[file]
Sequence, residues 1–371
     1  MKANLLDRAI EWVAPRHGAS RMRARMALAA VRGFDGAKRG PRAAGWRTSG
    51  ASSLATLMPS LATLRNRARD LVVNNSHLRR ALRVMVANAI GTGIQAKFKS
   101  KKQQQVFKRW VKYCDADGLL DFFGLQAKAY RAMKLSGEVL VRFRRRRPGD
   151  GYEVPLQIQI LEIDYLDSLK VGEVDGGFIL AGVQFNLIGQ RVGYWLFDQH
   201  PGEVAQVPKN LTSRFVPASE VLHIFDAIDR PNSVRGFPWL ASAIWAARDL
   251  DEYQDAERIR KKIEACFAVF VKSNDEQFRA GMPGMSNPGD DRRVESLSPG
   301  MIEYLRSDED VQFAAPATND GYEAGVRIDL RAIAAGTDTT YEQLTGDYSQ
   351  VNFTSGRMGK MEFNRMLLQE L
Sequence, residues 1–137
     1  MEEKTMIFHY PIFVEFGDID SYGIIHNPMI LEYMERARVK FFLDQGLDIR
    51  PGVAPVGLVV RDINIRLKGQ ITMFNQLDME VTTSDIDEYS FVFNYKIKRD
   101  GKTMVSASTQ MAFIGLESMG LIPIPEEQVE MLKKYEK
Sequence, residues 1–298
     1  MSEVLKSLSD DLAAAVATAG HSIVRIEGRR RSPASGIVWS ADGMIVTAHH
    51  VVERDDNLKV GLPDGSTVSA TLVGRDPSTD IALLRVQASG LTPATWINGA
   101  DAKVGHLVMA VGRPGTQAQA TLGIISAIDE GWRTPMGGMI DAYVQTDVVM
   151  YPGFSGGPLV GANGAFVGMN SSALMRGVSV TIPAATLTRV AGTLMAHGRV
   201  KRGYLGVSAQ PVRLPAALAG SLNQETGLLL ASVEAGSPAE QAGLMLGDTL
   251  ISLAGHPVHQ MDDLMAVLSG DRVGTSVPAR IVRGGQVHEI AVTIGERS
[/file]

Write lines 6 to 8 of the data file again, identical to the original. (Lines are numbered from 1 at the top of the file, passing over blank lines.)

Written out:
   201  PGEVAQVPKN LTSRFVPASE VLHIFDAIDR PNSVRGFPWL ASAIWAARDL
   251  DEYQDAERIR KKIEACFAVF VKSNDEQFRA GMPGMSNPGD DRRVESLSPG
   301  MIEYLRSDED VQFAAPATND GYEAGVRIDL RAIAAGTDTT YEQLTGDYSQ